## [JAC013] High-Frequency Induction Heating Analysis of a Shaft

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### Overview

Shafts are used in parts like axles, which transfer power from the engine to rotate the tires, so the need to have sufficient strength to handle the torsion. They also need to have increased surface toughness to raise their degree of abrasion resistance in the areas that join with other parts, and they must maintain their interior toughness in order to obtain strength and fatigue resistance against torsion. By using high-frequency induction heating, which is a type of surface hardening method, the part is heated rapidly on only its surface by a high frequency power source. This process also has many other benefits, such as providing a clean working environment because it uses electrical equipment, being very efficient, and providing uniform results for each product. This is why it is being aggressively implemented in the field.
Eddy currents generated by the high-frequency varying magnetic field occur in the surface of the shaft. The material properties also change due to the rising temperature. Examining detailed phenomena requires handling the phenomena that occur in the interior of the shaft in a numerical analysis based on the finite element method.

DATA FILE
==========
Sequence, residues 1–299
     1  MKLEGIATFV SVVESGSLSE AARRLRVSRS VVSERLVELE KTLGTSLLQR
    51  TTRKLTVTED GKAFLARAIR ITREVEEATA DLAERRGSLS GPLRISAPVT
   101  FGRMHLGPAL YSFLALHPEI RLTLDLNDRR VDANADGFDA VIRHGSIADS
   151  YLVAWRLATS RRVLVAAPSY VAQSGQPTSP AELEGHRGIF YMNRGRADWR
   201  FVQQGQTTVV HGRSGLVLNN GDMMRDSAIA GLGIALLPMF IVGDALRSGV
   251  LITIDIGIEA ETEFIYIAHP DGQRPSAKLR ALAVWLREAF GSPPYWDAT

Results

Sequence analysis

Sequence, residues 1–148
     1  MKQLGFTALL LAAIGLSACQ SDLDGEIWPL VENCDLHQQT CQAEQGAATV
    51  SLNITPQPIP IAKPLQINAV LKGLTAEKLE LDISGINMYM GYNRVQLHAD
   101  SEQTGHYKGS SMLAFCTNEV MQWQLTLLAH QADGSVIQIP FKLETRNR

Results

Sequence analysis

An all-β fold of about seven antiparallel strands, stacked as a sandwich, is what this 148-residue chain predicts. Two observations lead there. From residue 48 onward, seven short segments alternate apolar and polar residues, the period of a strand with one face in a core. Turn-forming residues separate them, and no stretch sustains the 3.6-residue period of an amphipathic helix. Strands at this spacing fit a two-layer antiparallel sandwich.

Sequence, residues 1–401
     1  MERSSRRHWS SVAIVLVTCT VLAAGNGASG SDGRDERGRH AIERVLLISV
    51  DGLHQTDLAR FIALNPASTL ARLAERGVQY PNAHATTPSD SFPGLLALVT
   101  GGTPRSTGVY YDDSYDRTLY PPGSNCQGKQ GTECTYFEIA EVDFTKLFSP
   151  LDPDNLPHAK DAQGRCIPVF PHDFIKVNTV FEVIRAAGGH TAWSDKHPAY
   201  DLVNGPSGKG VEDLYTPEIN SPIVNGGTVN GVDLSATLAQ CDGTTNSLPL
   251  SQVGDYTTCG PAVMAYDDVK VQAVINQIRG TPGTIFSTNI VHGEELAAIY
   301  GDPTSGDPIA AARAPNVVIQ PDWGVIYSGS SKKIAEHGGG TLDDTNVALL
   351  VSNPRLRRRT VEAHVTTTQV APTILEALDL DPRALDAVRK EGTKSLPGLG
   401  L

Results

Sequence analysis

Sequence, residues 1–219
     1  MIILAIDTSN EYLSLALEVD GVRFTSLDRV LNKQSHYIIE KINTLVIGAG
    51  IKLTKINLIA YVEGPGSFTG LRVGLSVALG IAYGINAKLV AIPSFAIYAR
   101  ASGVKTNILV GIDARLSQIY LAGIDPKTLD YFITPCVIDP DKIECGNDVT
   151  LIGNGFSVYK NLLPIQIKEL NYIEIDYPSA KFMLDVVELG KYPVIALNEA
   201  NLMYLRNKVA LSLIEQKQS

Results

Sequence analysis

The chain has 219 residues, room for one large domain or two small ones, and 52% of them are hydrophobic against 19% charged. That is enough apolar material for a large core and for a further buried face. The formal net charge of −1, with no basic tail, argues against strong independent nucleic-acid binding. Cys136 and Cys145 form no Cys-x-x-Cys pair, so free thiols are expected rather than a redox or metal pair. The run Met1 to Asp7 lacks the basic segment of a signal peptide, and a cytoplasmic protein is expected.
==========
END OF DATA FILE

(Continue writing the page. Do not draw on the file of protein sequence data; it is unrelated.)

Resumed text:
This Application Note explains how to create a numerical analysis model and analyze the elevated temperature process in order to use the coil geometry and current conditions (power supply frequency, current value) to verify whether or not the target temperature distribution is obtained.

### Eddy Current Loss Density Distribution

Fig. 1 shows the eddy current loss density distribution produced in the shaft. The magnetic field generated by the coil produces eddy currents in the surface of the shaft. In areas where induction heating makes the temperature exceed the Curie point, the magnetic properties change and both the relative permeability and the electric conductivity grow smaller, which makes the eddy current loss density shrink as well.

### Temperature Distribution

Fig. 2 shows the temperature distribution in the shaft at each time.
From fig. 2, it is apparent that rotating the shaft heats the surface of the shaft facing the coil uniformly in the circumferential direction.